CMO Market Update

August 9, 2021



Customers were very active in the CMO sector last week, including a pickup in two-way flow with some portfolio managers cleaning up odd-lot positions.  This is a welcomed development, both in terms overall activity as well as secondary supply if this were to continue.  The most popular structure by far last week was a 1.00% coupon off 2.50% jumbo collateral. Additionally, 1.75% and 2.00% coupon bonds, also off jumbo collateral, were in demand.


Readers will find below a snapshot of the Treasury and CMO sections from last week’s Investment Alternatives Matrix. At least as it pertains to Treasurys, this serves more as a comparison tool than a depiction of where rates stand. Yields for maturities 5-years and longer ended the week 10-13 basis points higher from Tuesday’s close. As of this writing, Treasurys have sold off a little more pushing rates even higher with the 10-year yield at 1.31%. It just goes to show how conditions can change, and how quickly one might have to act to seize an opportunity, whether it be a chance to sell at a more favorable price or purchase an attractive yield.



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In case you missed it last week, the July trade summary is below.


July Trade Summary

In last week’s update, I expressed an expectation that the July trade summary would reveal a somewhat conservative approach from portfolio managers as it relates to extending out on the curve with new CMO purchases. That forecast was incorrect. The summary statistics show that investors did extend, albeit slightly, month over month compared to investments made in June.


July saw CMO investors purchased fixed-rate bonds with an average WAL of 4.3 years. This is the longest WAL we have seen since 4.9 years in March. Projected yields on July purchases even surpassed what was observed in March. While this may be surpising, it shows that investors still have some appetite for risk, whether it be exposure to prepayments in the short term or extension in the future, in the face of this low rate environment.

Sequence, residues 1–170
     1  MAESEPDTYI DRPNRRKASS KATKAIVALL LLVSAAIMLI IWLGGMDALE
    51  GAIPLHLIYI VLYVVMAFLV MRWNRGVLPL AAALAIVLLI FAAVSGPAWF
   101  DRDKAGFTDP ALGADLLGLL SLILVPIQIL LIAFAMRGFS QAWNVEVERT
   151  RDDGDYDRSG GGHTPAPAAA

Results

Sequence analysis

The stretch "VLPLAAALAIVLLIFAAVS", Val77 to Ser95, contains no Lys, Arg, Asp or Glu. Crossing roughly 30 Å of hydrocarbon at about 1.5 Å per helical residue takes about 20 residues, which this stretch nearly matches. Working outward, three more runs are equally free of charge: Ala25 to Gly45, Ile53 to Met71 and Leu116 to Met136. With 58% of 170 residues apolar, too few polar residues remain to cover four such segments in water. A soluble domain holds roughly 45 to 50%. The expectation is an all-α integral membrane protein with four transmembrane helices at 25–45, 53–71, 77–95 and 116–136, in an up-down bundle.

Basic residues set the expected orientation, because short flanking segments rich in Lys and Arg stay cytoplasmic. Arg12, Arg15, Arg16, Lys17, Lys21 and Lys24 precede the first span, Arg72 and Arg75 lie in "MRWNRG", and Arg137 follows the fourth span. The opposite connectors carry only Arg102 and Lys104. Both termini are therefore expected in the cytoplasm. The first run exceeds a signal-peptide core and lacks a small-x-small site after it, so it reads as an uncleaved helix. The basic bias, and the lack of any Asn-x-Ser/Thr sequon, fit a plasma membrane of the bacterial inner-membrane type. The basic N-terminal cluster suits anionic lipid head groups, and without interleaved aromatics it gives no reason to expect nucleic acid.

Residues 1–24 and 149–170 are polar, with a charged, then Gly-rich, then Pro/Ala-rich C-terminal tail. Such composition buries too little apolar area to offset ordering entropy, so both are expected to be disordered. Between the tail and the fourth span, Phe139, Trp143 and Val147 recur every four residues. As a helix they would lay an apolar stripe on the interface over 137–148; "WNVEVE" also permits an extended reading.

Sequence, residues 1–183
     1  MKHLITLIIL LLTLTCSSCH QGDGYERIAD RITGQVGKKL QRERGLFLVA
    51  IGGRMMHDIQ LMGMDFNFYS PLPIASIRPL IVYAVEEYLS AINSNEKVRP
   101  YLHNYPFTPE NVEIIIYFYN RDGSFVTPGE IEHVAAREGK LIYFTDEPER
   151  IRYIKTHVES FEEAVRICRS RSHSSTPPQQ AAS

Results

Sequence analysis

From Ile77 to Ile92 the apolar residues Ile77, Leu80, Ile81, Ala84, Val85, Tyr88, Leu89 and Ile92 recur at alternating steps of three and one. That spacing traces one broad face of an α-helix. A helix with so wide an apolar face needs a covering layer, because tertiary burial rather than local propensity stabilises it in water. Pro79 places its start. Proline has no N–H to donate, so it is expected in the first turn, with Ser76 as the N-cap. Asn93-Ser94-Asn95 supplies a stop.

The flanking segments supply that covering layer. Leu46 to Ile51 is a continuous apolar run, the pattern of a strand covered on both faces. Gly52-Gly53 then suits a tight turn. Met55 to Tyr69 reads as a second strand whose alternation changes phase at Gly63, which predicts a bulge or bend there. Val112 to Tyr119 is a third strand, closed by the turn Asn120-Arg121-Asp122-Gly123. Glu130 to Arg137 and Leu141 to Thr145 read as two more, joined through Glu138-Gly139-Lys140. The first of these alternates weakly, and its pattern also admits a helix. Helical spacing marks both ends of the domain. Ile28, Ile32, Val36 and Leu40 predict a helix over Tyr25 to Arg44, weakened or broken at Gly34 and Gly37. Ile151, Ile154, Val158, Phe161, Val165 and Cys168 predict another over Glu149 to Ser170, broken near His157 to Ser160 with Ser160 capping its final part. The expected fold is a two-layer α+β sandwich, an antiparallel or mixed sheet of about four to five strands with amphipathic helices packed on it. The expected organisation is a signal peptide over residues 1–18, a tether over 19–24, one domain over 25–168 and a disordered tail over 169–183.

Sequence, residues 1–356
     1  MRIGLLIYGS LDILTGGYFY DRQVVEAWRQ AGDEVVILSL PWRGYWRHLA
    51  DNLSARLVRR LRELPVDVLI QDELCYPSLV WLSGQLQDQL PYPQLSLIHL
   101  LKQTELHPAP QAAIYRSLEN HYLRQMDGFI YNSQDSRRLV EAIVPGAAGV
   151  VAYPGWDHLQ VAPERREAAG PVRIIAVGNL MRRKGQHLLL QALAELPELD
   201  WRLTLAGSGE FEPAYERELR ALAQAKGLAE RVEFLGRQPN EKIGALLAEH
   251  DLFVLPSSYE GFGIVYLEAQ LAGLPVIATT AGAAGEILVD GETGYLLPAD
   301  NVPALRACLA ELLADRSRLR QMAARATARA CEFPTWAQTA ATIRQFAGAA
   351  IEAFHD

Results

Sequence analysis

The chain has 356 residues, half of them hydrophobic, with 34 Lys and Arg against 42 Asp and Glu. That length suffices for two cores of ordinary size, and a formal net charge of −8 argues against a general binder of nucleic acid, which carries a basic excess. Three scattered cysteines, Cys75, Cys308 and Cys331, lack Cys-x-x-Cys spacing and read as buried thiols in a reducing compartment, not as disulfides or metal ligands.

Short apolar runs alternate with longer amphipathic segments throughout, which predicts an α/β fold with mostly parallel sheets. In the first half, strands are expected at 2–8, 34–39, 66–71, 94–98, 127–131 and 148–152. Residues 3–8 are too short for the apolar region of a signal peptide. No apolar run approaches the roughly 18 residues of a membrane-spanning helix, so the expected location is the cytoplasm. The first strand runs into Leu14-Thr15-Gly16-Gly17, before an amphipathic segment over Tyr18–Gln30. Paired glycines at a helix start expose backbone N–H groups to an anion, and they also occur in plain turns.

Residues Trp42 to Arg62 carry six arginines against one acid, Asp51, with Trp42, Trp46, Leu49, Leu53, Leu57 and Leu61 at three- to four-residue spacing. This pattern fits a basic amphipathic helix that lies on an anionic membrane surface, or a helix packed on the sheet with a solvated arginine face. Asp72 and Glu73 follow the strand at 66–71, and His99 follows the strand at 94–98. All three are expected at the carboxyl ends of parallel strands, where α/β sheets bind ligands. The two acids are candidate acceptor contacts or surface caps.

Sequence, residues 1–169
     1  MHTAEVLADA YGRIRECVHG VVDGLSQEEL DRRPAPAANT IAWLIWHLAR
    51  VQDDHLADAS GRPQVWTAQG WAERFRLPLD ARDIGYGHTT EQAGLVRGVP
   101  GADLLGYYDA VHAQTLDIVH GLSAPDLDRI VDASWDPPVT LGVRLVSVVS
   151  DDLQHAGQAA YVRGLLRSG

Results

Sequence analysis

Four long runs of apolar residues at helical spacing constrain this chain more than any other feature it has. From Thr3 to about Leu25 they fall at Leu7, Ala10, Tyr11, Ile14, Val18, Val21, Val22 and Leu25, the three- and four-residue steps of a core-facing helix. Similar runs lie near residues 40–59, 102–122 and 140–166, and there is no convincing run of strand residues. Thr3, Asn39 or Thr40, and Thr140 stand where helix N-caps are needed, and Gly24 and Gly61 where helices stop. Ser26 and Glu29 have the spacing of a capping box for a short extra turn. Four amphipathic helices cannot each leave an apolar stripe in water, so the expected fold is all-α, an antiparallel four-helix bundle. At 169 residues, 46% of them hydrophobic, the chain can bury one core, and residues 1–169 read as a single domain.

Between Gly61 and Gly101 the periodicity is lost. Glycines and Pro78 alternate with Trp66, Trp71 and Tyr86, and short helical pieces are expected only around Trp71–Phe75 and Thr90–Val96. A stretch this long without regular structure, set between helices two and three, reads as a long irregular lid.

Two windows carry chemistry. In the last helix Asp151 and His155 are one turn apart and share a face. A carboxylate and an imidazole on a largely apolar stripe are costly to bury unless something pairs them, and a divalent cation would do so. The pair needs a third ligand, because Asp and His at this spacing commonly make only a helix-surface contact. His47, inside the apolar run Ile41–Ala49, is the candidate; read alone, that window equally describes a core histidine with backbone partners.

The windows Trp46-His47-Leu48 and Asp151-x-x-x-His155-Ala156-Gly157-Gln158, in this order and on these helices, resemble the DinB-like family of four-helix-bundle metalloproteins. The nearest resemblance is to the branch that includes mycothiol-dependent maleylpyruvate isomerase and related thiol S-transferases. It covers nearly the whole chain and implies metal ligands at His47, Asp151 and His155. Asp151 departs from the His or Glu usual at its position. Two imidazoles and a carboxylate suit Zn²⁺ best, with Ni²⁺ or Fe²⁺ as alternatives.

In terms of coupon type, fixed-rate investments dominated activity with floating-rate trades accounting for less than 1.00% of trades by current par. This is a stark contrast compared to May and June, months in which floating-rate activity was about 15.00% of trades. However, the lack of floating-rate activity in July is not too surprising given how rates fell during the month.


Looking at trades broken down by class type, PACs reclaimed the majority of activity after Sequentials were the more popular structure in June. As shown in the table below, customers have favored PACs for most of 2021. One development in July is that a handful of decent sized blocks traded involving TAC structures. These are accounted for in  the “Other” category. At this point, it’s too early to say if this is a blip on the radar or a sign of things to come. As always, time will tell.



Travis Nauert, CFA

Analyst, Investment Strategies

Vining Sparks IBG, LP

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